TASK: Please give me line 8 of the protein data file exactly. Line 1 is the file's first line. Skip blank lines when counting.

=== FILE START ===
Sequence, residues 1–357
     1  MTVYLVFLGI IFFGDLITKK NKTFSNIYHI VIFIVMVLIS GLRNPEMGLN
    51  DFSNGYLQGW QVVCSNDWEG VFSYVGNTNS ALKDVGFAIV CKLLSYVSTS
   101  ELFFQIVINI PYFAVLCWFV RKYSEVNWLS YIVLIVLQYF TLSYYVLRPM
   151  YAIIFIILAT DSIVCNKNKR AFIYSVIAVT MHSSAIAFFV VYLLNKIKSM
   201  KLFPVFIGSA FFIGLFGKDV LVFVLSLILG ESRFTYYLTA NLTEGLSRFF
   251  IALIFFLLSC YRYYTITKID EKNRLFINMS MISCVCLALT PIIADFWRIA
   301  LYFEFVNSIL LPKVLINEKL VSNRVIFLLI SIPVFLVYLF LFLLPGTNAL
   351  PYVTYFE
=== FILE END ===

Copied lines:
   301  LYFEFVNSIL LPKVLINEKL VSNRVIFLLI SIPVFLVYLF LFLLPGTNAL